EconPapers    
Economics at your fingertips  
 

The Psychology of Marginal Utility

Xilin Li, Christopher K Hsee, J Jeffrey Inman and Hilke Plassmann

Journal of Consumer Research, 2021, vol. 48, issue 1, 169-188

Abstract: That wealth has diminishing marginal utility is a fact of life, and that people be sensitive to their current level of wealth when deciding whether to pursue additional wealth is a requirement of rational choice. A series of experiments, spanning diverse contexts, reveal marginal-utility neglect—that people are rather insensitive to their current wealth when deciding how much effort to expend to acquire a monetary reward (e.g., how long to walk to claim a voucher). Moreover, the experiments demonstrate that a marginal-utility-prompting manipulation, which prompts people to consider their current wealth and their need for the reward given their current wealth, produces a significant sensitization effect—making financially richer (vs. less rich) individuals less (vs. more) willing to seek the reward. This manipulation is more effective than either prompting people to consider their current wealth alone or consider their need for the reward alone, suggesting that marginal-utility prompting does not merely draw people’s attention to their current wealth or merely draw their attention to their need for the reward, but links the two elements. This research elucidates the psychology of marginal utility and yields implications beyond the pursuit of monetary rewards.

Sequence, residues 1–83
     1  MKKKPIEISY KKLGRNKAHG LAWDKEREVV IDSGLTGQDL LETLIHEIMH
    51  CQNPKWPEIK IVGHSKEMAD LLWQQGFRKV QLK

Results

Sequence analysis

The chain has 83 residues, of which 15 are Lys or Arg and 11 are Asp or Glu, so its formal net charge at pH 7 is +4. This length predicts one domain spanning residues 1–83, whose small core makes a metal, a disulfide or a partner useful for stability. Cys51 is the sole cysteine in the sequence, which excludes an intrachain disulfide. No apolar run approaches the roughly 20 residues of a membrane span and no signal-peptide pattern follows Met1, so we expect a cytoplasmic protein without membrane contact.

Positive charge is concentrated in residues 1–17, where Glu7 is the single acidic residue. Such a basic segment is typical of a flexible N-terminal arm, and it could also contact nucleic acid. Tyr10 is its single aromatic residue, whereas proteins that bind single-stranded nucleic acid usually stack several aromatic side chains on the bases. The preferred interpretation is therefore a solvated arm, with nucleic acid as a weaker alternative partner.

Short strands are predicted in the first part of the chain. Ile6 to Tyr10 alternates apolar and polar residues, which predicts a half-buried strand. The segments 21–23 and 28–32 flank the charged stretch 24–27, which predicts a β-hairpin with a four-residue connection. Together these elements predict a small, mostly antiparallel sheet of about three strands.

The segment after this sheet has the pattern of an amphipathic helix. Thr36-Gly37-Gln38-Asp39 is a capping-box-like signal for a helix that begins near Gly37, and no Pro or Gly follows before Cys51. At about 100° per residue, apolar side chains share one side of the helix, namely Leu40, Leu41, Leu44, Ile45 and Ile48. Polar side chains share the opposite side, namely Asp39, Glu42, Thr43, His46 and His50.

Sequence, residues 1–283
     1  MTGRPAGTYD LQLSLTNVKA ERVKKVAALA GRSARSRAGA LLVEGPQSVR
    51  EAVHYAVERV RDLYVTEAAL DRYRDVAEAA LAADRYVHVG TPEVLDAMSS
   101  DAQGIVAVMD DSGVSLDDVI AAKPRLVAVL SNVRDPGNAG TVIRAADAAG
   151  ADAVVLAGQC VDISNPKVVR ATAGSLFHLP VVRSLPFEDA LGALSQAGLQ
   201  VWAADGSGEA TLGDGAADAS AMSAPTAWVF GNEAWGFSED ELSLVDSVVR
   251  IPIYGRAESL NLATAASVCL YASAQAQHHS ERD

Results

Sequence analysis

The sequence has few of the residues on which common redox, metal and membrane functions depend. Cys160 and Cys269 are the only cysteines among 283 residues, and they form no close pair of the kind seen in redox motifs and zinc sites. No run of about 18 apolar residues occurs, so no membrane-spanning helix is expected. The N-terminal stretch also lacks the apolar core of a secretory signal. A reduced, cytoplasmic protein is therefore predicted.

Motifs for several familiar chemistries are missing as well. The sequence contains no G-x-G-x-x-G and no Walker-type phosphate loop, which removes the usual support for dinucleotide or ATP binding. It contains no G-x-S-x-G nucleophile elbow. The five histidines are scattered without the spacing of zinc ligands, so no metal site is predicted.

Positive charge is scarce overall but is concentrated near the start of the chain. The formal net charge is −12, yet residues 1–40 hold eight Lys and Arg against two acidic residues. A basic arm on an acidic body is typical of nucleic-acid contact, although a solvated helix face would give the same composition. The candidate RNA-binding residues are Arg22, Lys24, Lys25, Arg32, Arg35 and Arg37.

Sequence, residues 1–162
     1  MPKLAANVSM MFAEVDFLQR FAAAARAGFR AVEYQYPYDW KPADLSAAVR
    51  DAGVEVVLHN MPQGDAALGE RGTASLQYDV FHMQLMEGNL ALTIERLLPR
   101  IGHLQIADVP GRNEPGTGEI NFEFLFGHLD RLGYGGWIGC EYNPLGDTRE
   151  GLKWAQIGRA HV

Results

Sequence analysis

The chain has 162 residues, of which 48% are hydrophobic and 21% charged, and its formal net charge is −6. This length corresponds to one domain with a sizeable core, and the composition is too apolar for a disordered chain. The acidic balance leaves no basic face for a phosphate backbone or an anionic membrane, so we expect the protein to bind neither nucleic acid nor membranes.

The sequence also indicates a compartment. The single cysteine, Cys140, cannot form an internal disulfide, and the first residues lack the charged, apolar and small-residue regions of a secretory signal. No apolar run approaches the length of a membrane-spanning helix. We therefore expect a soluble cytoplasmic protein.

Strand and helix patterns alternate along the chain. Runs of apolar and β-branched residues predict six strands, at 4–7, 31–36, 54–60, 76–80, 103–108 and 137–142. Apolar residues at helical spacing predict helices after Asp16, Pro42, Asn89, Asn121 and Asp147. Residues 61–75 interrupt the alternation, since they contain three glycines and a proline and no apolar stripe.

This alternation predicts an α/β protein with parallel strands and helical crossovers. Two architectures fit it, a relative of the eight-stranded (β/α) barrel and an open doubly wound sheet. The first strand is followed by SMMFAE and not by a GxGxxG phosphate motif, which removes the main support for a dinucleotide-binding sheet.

Keywords: diminishing marginal utility; narrow bracketing; scope insensitivity; decision bias; nudge (search for similar items in EconPapers)
Date: 2021
References: Add references at CitEc
Citations: Track citations by RSS feed

Downloads: (external link)
http://hdl.handle.net/10.1093/jcr/ucaa064 (application/pdf)
Access to full text is restricted to subscribers.

Related works:
This item may be available elsewhere in EconPapers: Search for items with the same title.

Export reference: BibTeX RIS (EndNote, ProCite, RefMan) HTML/Text

Persistent link: https://EconPapers.repec.org/RePEc:oup:jconrs:v:48:y:2021:i:1:p:169-188.

Access Statistics for this article

More articles in Journal of Consumer Research from Oxford University Press
Bibliographic data for series maintained by Oxford University Press ().

 
Page updated 2021-08-20
Handle: RePEc:oup:jconrs:v:48:y:2021:i:1:p:169-188.